It’s a regular weekday morning and David Marcelli is working away at a ball of dough. Since the early hours, he’s been rolling, stretching, braiding, and sculpting pasta. As pastaio (pasta maker) for Toronto’s Buca Osteria & Enoteca, Marcelli is tasked with turning flour and eggs into a sacramental object. Most of what he makes is based on centuries-old recipes originating in Italy, where pasta making is an art whose ingredients and techniques are handed down generation after generation. Marcelli, a 34-year-old father of two, is an eyewitness to that culinary heritage and a true inheritor of that legacy.
Without a doubt, pasta is Marcelli’s superpower, a foodstuff he makes almost intuitively despite all the studying and research he puts into it. It’s in his blood. His love of food in general, and pasta in particular, began in the kitchen of the home in Edmonton where he grew up, the son of Italian immigrants who had come to Canada in the 1980s. His mother came armed with Old World practices she had grown up with in the town of Monte San Giovanni Campano in the province of Frosinone—including making homemade pasta using recipes her mother had taught her. “She made everything from scratch—she was adamant about Sunday home-cooked meals,” Marcelli says. “Once I was older, I started paying closer attention to what she was actually doing.”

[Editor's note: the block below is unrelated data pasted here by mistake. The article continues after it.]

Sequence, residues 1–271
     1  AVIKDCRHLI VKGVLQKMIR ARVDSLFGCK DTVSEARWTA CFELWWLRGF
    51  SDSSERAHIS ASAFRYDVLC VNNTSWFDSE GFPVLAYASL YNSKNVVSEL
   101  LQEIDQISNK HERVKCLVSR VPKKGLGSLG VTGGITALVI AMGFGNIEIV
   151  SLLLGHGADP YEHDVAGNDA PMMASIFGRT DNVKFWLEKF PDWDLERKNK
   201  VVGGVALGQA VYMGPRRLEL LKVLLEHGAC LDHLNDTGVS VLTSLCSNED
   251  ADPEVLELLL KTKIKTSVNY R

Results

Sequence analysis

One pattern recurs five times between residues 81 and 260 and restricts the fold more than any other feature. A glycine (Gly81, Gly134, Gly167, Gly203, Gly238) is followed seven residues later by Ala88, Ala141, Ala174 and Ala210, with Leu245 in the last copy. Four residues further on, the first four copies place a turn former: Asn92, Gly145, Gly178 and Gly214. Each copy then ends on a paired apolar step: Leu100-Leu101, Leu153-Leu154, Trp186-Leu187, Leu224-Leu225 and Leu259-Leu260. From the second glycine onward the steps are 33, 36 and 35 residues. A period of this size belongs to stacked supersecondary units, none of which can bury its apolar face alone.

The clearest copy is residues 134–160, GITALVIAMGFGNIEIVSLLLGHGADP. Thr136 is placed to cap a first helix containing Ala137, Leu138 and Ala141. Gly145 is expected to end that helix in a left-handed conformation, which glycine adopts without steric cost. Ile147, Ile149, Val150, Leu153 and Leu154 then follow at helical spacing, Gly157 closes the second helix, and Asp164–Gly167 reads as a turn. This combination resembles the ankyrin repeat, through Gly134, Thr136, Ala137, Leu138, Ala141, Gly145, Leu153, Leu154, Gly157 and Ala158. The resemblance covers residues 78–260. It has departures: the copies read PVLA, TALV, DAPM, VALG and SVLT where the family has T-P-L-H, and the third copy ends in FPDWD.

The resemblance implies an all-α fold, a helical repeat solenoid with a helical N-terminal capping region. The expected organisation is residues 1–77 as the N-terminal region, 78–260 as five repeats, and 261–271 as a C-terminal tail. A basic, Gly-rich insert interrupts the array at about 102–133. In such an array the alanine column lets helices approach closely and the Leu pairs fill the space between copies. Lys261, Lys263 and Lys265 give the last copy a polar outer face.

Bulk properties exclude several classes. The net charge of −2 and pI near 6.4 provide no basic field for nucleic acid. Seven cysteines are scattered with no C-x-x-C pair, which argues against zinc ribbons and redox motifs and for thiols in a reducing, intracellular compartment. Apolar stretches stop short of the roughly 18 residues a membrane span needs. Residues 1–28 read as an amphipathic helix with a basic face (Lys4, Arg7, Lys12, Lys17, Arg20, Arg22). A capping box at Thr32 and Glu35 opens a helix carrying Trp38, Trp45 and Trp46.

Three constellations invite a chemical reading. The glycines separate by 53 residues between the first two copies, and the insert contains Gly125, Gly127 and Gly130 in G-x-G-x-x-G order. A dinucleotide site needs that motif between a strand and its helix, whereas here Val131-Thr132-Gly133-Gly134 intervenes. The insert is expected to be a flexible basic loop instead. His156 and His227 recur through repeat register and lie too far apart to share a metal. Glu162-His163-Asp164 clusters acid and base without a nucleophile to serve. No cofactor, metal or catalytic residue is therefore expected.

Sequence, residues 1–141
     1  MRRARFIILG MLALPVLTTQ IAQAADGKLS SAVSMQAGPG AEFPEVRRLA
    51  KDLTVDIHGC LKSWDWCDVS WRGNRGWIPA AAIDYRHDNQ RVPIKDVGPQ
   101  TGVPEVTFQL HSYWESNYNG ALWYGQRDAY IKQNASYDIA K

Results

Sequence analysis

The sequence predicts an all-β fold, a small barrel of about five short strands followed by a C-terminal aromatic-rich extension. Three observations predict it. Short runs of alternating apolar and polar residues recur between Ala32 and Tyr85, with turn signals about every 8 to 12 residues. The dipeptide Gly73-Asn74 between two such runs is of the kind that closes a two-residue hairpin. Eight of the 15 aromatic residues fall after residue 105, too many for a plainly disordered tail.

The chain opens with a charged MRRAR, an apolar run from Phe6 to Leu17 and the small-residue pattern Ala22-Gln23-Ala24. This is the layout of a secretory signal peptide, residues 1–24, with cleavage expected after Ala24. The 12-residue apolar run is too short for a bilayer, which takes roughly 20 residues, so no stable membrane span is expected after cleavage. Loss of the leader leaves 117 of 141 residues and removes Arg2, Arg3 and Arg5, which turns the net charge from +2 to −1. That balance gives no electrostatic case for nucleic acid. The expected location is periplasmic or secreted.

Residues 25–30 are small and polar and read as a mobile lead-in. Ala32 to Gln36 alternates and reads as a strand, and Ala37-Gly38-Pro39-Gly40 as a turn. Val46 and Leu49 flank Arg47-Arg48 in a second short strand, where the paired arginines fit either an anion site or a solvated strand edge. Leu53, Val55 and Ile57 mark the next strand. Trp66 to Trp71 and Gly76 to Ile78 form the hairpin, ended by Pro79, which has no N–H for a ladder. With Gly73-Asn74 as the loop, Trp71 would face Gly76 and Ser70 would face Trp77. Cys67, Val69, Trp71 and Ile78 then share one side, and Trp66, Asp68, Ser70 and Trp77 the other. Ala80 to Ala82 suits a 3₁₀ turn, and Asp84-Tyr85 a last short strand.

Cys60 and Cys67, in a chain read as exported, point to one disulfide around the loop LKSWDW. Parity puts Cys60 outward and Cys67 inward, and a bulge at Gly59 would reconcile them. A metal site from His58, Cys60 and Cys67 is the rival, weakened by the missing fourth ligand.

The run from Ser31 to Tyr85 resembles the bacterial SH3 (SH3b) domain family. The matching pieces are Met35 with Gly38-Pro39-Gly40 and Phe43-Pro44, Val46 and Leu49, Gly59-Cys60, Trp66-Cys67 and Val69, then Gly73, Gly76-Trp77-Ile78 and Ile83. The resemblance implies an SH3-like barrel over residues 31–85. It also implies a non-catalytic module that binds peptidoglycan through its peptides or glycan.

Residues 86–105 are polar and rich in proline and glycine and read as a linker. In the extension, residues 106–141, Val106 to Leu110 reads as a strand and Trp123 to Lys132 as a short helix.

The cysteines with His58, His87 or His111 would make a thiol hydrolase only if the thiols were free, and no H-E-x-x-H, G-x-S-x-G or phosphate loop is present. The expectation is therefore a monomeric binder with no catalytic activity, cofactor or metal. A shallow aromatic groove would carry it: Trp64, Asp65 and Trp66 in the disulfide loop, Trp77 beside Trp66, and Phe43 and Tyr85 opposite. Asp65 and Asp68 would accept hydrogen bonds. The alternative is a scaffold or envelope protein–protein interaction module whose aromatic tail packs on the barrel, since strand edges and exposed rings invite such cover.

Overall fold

But he never thought of it as a career—not at first. In 2003, Marcelli enrolled at York University in Toronto to study information technology. He dropped out of the program when he realized that he preferred working with his hands. For him, cooking is tactile, a labour of love. He likes how it allows him to engage with people, including ones from his ancestral past. “I spent time in Italy, where I saw pasta as something more than food,” he explains. “I saw it as an art.”
Marcelli made the link while studying culinary arts with a focus on Italian cuisine at George Brown College. His program included a semester at the Alma cooking school in Colorno, close to Parma. There, he learned not just recipes and their methods, but food production and sourcing. He spent time with producers of prosciutto, balsamic vinegar, wine—the whole spread of Italy’s culinary delights—and relished the experience.